Re: New "classical" sax may not be worth cost of research and development
first, we're not talking about an L A Sax product. We've addded several new lines to the mix of saxophones offered by Orpheus Music (our distribution company) which are totally independent of one another. There's the Saxgourmet, the Steve Goodson Model, Bon Fils, and Vespro, in addition to L A Sax. Each line is a completely different design (by me) and none of them share anything in common (including source, parts, tone hole placement, tube taper etc.) with one another except the distribution company.
There are thousands of students getting degrees in saxophone at universities today, with quite a few of them studying the classical side. You may not be able to sell someone who has already bought a Selmer your product, but every year new players enter the marketplace. I would repectfully submit that if we build a better, classical specific horn, we can easily sell several hundred a year. That makes it economically viable.
I don't think (with the possible exception of the copper Keilwerth, and they're on shaky ground right now) that anyone is producing a classical specific horn. We can do so, and believe that we can do so profitably.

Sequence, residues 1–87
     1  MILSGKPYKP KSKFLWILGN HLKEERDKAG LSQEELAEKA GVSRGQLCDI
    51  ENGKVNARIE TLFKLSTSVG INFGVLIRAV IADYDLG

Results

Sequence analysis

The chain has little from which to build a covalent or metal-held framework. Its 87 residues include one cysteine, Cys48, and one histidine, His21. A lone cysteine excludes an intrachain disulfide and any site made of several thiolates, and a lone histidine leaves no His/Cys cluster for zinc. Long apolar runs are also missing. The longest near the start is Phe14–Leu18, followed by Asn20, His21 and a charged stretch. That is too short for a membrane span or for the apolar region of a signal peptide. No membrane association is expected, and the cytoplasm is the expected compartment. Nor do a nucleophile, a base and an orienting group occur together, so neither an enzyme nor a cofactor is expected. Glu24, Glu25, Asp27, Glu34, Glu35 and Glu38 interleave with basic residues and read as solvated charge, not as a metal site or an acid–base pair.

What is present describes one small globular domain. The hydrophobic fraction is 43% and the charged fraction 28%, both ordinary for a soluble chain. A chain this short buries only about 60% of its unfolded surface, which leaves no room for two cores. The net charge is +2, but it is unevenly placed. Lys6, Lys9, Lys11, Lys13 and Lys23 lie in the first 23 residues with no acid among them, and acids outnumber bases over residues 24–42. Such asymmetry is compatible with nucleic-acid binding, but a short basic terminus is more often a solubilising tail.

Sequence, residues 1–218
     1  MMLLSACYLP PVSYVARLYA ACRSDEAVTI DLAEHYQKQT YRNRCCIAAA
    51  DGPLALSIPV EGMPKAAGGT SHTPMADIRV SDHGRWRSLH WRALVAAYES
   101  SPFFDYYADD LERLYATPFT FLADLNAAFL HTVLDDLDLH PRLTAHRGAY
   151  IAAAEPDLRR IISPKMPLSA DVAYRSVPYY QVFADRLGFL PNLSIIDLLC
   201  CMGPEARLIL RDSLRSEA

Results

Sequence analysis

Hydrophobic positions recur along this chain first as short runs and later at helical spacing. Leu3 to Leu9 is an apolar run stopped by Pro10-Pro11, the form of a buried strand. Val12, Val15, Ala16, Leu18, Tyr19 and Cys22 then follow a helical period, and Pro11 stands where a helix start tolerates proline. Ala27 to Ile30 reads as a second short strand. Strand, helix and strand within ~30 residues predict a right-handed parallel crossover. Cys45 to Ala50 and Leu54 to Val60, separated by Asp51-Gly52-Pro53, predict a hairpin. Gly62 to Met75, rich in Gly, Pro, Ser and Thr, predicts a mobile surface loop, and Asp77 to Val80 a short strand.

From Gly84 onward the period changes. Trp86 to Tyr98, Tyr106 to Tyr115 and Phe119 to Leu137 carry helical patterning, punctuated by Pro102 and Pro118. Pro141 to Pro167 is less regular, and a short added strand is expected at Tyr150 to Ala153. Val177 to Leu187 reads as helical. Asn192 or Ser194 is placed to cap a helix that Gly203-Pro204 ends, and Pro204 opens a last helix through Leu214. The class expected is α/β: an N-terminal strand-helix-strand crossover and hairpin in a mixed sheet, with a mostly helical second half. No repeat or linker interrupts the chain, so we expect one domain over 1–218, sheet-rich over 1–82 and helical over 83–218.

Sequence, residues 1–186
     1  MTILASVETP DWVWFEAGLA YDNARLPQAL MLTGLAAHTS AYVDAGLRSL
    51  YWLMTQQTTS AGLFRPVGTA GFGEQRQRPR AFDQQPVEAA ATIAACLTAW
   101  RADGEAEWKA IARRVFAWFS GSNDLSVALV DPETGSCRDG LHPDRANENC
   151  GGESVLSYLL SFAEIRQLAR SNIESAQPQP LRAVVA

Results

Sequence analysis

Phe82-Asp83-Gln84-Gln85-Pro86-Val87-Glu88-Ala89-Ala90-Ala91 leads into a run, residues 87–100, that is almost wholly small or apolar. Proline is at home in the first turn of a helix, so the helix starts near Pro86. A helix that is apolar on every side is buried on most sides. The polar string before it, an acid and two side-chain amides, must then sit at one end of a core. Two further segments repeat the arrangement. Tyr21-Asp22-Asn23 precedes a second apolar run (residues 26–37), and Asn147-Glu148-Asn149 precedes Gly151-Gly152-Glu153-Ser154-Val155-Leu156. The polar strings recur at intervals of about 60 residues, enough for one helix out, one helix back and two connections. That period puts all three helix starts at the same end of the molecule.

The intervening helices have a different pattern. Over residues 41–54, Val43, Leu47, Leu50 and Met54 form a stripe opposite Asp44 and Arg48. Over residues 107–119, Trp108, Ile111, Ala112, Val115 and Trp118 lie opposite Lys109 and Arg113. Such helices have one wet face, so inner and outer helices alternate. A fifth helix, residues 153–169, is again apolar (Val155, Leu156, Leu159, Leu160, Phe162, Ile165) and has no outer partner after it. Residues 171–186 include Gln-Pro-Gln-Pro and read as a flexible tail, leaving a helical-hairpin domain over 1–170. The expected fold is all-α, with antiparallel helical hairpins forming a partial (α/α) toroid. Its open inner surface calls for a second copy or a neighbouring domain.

The R&D aspect of it is what I do, and we have a full prototype shop here in New Orleans. We already know a great deal about what changes to make in order to achieve specific results, so there's really not that much of a learning curve.
Since I teach classical saxophone, and have studied it for years myself, I think I know the changes to make in currently available instruments to make them more suitable for this market.
We believe the market is there. We know that we won't be able to sell every classical player one of our horns, but we feel somewhat certain that there's plenty of market share available for a superior product, which is exactly what we intend to produce.